Originally Posted by Andy M.
When Teflon pans are heated to a too high temperature, the coating gives off fumes that are harmful or fatal to small birds. There is no evidence it has the same effect on humans. No human deaths from overheated Teflon have been reported.
The carcinogen you referred to is used in the Teflon manufacturing process and is not present in the finished product. It is, however, present in other products such as pizza boxes and certain food wrappers to prevent the penetration of grease as well as in waterproof clothing.
You can safely cook with Teflon as long as you avoid overheating. If you choose to switch to stainless steel, that's a good option as well. Look for SS that's either tri-ply with aluminum between layers of SS or pans that have a heavy layered disk attached to the bottom of a SS pan.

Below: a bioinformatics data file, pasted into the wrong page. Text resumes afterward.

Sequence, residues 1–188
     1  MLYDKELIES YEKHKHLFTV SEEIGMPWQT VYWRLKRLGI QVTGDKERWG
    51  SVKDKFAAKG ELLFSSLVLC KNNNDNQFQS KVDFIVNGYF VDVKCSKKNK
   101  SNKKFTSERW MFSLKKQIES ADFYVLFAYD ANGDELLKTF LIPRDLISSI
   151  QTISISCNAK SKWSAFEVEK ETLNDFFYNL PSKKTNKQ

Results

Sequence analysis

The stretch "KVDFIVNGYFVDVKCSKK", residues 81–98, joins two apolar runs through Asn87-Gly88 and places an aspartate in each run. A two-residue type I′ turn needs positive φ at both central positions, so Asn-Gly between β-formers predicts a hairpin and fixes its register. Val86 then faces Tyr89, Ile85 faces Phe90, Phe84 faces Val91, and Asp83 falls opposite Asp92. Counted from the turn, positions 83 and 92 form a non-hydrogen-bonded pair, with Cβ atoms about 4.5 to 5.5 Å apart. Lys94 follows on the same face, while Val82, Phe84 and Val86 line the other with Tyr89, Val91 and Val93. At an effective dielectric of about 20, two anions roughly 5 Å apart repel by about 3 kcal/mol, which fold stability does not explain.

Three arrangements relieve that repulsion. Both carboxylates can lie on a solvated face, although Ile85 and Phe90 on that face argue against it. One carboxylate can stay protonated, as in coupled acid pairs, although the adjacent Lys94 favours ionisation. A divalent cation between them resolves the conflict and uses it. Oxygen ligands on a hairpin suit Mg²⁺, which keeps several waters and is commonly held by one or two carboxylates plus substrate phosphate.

lol, ya just can't let it go, can ya?
do not keep birds of any
size near a kitchen that uses non-stick cookware. peroid!!!!
there have been documented negative health effects on humans, but so far none have proved to be more than just temporary "flu-like" symptoms. these results were based on the cookware staying at relatively normal cooking temps below 600 degrees F. however, a forgotten pan in a self cleaning oven, or a non-stick drip pan may exceed 1000 degrees F, releasing fumes and particulates that are lethal to humans, even in smasll doses.
i don't know about you, but when my son had rsv, then pneumonia, and we were measuring blood oxygen saturation where just a few percentage points from being emergency room bound, we were extremely
careful not to overheat our non-stick cookware.
for a while, i guess we ate a lot of mushy food.